What Leads to Post-Traumatic Growth?
I doubt there is a single person on the planet, or any one of you reading this blog post, who hasn’t experienced some type of traumatic event in their lifetime. Oftentimes, when we think of trauma, we think of the more known ones such as abuse, bereavement, illness, accidents or the threat of losing a loved one. However, we can experience trauma with less extreme events, as trauma is an event that causes us to feel threatened in some way, either physically, emotionally or mentally and one that makes us feel fearful, unsafe and insecure or afraid for our own life or that of a loved one. For a child, moving house, or having a loved one move away, or seeing something frightening, even in a film, can be traumatic. One of the most fascinating things about trauma is that a huge number of people recover afterwards and move on with their life. Whilst studying Positive Psychology for my Masters in Applied Positive Psychology and Coaching Psychology, I have been drawn to the whole field of Post-Traumatic Growth and what the ‘difference that makes the difference’ is, when it comes to growth.
According to Tedeschi and Calhoun, highly stressful events have a major impact on individuals that range from numerous psychological problems; anxiety, depression unpredictable emotional states, negative thinking, fear as well as physical problems such as aches and pains, muscles problems, gastrointestinal problems and fatigue, to name but a few. These problems can last for years, after the event has long passed, as well as unwanted memories of the trauma, flashbacks, regret, guilt and feelings of not being able to move on with one’s life. It can be especially challenging when other people appear to have moved on and you feel like you are stuck in some kind of limbo between how the past was and how it is now. I know this from my own personal experience after the death of my parents when I was in my twenties. For many years, research into trauma has focused on those individuals who ended up in a therapeutic setting because they were suffering severe psychological effects from highly stressful events. However, Tedeschi and Calhoun chose to look at those individuals who had experienced growth after a traumatic event which is why Post-traumatic Growth (PTG) is part of the field of study of Positive Psychology.
One interesting aspect of PTG is the fact that the trajectory of growth is more advanced in individuals who are younger because as we age, we have already had much life experience as well as having developed greater levels of resilience. However, anyone can experience PTG at any stage of their life. Adolescents and individuals in the in twenties often demonstrate the greatest levels of growth whilst older individuals often display higher levels of hardiness and therefore their ability to cope with major stressful events reduces the potential for growth.
Tedeschi and Calhoun in their research discovered five domains of PTG, which are the changes that occur in an individual when they experience PTG. They are as follows:
• Personal Strength: the feeling that you can cope with life’s adversities and have more wisdom and maturity as well as feeling stronger for the experience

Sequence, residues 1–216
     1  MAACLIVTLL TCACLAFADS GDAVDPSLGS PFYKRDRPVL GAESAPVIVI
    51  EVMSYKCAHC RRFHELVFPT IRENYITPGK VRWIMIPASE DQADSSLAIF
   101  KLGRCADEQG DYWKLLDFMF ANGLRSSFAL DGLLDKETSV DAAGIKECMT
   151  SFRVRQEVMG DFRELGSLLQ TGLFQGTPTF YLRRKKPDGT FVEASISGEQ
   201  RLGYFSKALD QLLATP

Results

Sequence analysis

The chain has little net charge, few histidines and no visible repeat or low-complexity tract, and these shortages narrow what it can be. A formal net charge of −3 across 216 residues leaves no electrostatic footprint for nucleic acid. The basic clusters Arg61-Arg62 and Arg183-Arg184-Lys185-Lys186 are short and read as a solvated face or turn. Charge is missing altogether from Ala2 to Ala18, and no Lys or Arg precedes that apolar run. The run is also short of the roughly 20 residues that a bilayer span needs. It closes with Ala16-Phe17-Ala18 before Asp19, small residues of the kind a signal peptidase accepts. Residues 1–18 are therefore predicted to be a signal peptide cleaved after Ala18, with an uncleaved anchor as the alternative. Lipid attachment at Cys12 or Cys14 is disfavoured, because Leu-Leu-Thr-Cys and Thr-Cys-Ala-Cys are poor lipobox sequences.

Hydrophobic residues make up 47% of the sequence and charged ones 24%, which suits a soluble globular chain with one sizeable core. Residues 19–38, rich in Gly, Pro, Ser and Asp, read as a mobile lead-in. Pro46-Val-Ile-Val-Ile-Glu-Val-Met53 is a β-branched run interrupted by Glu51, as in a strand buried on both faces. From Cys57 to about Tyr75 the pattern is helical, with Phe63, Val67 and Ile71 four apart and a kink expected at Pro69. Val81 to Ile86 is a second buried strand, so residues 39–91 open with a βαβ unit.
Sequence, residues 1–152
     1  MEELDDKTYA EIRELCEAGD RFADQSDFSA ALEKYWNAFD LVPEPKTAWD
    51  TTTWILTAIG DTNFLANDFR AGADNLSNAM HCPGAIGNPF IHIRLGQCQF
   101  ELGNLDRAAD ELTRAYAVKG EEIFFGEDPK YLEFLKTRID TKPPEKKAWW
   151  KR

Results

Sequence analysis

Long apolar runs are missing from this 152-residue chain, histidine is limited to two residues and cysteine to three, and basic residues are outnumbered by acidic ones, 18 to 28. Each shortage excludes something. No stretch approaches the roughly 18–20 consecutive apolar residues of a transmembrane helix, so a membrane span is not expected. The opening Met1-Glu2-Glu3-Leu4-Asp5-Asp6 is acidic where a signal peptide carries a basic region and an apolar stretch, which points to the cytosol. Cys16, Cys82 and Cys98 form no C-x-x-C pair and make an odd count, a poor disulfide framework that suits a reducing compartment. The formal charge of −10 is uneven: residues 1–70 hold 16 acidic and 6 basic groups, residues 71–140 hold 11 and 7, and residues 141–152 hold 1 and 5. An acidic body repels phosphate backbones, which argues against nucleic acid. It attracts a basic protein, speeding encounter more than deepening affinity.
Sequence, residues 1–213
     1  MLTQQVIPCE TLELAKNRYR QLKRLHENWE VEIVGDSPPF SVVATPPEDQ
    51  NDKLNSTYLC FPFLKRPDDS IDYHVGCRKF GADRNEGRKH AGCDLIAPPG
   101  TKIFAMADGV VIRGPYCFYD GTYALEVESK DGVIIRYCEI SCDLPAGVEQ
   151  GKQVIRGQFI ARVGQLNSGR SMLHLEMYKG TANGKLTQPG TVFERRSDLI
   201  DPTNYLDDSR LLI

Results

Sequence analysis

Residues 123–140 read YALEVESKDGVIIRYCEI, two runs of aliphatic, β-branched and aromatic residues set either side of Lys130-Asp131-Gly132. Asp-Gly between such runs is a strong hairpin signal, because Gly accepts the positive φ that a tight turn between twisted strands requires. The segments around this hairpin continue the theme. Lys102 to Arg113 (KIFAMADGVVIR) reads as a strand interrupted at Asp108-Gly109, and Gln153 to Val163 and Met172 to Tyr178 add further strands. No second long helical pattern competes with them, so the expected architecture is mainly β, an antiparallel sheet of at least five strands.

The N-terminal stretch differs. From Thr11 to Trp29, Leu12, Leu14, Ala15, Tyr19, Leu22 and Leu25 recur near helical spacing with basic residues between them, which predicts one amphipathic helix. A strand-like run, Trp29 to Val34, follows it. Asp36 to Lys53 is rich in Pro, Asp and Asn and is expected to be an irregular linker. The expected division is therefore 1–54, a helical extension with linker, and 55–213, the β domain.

• Closer Relationships: knowing the value of close relationships as well as having a greater sense of who the important people are in one’s life
• Greater Appreciation of Life: feelings of gratitude, hope, kindness towards others, love and teamwork
• New Possibilities: working towards goals, prioritizing values and time commitments and greater understanding of friends and family
• Spiritual Development: readjusting beliefs to encompass the trauma or revising spiritual beliefs altogether.
I am sure many of you already identifying with these aspects of your own growth. If you haven’t experienced this yet, there is still plenty of time. PTG can take time as it is necessary to go through the emotions associated with the stressful event and move towards a place of recovery. There are, however, also a number of factors that can support you in moving towards growth after a traumatic life event.
• Brutally Honest Optimism: believing that you can be ok and that you have the power to get over this experience
• Perception of Control Over Events: taking action after the event, as well as reframing it into a context that makes sense.
• Coping Style: having an active coping style that leads to problem solving rather than an avoidant coping style that leads to denial and impedes recovery
• Strong Sense of Self: having a purpose in life and a healthy narrative that makes sense of what had happened to you and prevents you from repeating some of the mistakes that may have been made by others that lead to the stressful event.
One of the most important things to remember when you are going through an intensely stressful life event is to get the support and help you need. If you are struggling with your mental health then working with someone who can diagnose what you are experiencing, especially when it comes to Complex PTSD, PTSD or Personality Disorders and provide you with the right kind of therapeutic support. If you are feeling it’s time to make changes and move forward in your healing then working with a coach who can help you work on your ‘New Possibilities’ as well as help you to develop a healthy narrative around your trauma is an excellent way to move to a more healthy place in your life, or what Positive Psychology calls flourishing.
Of course as always, if you have any questions that I can help you with or if you want advice about the kind of support you, or your loved may need, then please get in touch via email: email@example.com or via phone: 00353868373582. I see clients face to face and online and can support you using Coaching Psychology, Positive Psychology, NLP, Hypnosis, CBT and Mindfulness.
Thanks for reading.
I hope our paths cross again in future,